The overall risk of bowel resection is low in patients having small bowel obstruction after Roux-en-Y gastric bypass (RYGB) and the risk of ending up with a short bowel is very low, according to a study led by researchers from Linköping University Hospital, Linköping, Sweden.
While RYGB is relatively safe, one of the most serious complications is internal herniation with small bowel obstruction resulting in ischemia and necrosis of the herniated bowel. Symptoms of internal herniation are intermittent abdominal pain, nausea and bloating, although the authors stated that symptoms can be ‘vague’. Closure of the mesenteric openings during RYGB reduces the risk of internal herniation, and since 2016 in Sweden, the standard of care has been to close the mesenteric openings using clips or sutures.
Nevertheless, the authors stated that there have been reports where internal herniation after RYGB has resulted in extensive small bowel obstruction. To assess the incidence of small bowel resection in patients with RYGB, the researchers used data from the Scandinavian Obesity Surgery Registry (SOReg), a nationwide quality registry that included 98% of all bariatric procedures in Sweden.
Between 2007 and 2019, a total of 57,255 patients underwent RYGB, 49,210 (89%) patients attended the one-year follow up and 20,619 (37%) patients attended the five-year follow up. Closure of the mesenteric openings RYGB was performed in 36,229 (78%) patients at primary surgery, data regarding closure of mesenteric defects was available in 81% of patients. In 3,659 (6%) patients, remedial surgery for small bowel obstruction was required over five years of follow-up. In the cohort having surgery for small bowel obstruction, 65.5% of patients had the mesenteric openings closed at primary surgery, compared to 79.0% in the group not having surgery for small bowel obstruction (p<0.001).
A small bowel resection was required in just 188 (0.3%) of patients and there were no differences in baseline characteristics for patients requiring small bowel resection compared to those that did not. The proportion of patients having mesenteric windows closed were similar in the group with and without small bowel resection, 77.4 and 78.3% respectively (p=0.79).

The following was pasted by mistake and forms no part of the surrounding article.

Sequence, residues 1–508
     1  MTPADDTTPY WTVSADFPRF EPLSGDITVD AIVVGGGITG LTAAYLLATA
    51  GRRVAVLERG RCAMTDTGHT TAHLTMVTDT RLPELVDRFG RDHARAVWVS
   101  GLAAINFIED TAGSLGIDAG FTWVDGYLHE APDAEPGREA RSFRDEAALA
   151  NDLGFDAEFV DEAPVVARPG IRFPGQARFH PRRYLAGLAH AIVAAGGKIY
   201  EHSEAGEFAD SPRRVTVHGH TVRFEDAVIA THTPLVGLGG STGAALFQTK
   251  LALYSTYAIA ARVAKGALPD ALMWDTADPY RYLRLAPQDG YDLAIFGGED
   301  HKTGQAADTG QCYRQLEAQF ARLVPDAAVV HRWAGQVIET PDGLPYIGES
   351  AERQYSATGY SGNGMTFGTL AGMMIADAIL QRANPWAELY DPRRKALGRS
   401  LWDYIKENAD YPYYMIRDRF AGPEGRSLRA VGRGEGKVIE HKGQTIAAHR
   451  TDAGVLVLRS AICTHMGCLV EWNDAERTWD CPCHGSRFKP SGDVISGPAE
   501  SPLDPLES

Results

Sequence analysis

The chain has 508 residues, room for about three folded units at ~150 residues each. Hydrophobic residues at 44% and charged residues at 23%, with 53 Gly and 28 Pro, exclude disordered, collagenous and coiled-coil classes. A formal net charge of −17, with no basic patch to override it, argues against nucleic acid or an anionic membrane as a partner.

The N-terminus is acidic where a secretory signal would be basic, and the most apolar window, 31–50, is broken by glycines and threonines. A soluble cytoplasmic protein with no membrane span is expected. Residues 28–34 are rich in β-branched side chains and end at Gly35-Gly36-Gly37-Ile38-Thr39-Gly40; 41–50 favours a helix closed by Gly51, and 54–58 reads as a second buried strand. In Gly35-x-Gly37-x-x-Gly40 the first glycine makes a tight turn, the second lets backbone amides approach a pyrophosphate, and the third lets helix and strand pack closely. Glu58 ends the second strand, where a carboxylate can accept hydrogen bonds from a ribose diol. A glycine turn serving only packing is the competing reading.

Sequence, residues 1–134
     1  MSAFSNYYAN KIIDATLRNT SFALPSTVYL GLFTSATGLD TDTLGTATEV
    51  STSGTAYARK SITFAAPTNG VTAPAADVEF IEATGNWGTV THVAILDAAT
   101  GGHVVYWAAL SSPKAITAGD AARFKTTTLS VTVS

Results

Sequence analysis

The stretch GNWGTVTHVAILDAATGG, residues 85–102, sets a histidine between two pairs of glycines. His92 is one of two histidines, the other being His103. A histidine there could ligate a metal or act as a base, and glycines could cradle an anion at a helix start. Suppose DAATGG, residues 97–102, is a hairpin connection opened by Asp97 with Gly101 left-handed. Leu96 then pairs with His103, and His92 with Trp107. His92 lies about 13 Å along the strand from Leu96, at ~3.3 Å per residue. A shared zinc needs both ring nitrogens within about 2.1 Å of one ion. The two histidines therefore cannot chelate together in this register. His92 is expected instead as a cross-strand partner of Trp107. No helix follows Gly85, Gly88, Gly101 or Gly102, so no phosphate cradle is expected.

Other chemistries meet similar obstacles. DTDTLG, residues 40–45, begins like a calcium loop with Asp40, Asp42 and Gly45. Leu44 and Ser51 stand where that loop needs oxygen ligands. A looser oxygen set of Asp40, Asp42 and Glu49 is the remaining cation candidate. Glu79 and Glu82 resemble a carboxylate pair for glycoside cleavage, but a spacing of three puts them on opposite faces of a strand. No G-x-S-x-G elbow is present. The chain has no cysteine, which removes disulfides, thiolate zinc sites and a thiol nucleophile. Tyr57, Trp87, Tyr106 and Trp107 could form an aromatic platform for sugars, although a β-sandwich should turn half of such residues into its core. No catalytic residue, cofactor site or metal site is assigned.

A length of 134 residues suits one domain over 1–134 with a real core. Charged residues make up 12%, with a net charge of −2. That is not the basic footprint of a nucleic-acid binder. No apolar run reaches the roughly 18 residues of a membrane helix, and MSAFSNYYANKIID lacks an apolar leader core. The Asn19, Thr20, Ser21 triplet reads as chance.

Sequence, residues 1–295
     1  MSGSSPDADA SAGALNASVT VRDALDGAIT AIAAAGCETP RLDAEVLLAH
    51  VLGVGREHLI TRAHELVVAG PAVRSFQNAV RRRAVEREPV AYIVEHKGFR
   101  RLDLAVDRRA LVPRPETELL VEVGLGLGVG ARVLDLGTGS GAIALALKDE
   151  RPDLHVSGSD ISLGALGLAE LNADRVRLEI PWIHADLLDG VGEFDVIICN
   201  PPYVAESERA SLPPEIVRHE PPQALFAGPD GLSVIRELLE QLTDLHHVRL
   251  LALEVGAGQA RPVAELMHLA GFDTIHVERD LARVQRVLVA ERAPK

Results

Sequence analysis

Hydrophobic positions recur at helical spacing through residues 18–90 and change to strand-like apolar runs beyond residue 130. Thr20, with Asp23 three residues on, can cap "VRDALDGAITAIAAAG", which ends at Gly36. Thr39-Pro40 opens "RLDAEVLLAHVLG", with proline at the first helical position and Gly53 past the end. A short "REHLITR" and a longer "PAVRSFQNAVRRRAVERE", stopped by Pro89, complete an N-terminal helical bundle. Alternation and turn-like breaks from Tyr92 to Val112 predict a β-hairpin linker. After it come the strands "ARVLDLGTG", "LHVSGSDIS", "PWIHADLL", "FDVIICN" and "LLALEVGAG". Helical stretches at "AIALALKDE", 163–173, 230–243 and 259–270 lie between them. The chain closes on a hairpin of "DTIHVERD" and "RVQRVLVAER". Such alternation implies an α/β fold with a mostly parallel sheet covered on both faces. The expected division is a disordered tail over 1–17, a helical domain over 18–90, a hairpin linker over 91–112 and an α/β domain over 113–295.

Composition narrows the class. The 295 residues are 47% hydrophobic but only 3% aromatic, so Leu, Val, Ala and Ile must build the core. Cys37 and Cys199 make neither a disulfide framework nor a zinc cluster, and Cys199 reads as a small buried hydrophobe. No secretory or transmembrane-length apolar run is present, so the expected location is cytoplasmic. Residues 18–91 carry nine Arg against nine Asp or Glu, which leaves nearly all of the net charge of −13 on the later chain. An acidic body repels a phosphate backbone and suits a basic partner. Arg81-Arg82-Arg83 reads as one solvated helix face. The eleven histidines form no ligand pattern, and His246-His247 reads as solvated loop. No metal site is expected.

The most common cause of resection was internal herniation (34%), kinking of the jejunojejunostomy (19%), adhesions (18%) and intussusception (7%). In the remaining 22% of cases, the cause of small bowel obstruction was documented as unclear in the registry. Kinking of the jejunojejunostomy was most common in the first six weeks after surgery but was rare at the two- and five-year follow-up. At five years, the most common cause requiring small bowel resection was internal herniation (Figure 1).
“We found that the need for small bowel resection for internal herniation after RYGB to be rare, affecting only 0.3% of patients,” the authors noted. “This is in line with previous studies which have demonstrated small bowel resection in 0.2% of procedures. The low incidence makes studies on the subject challenging.”
The authors recommended that all patients who have RYGB should be made aware of the possible complications and be instructed to go seek medical advice if they develop severe abdominal pain. They stressed that when bowel ischemia is suspected the patient should undergo urgent surgery ‘without delay’.
“Bowel ischaemia should be suspected in patients presenting to the emergency department with disproportional abdominal pain and/or need for high doses of analgesia and poor general condition,” they authors concluded. “Such patients should immediately be taken to the operating theatre.”
The findings were featured in the paper, ‘Very low risk of short bowel after Roux-en-Y gastric bypass – a large nationwide Swedish cohort study’, published in SOARD. To access this paper, please click here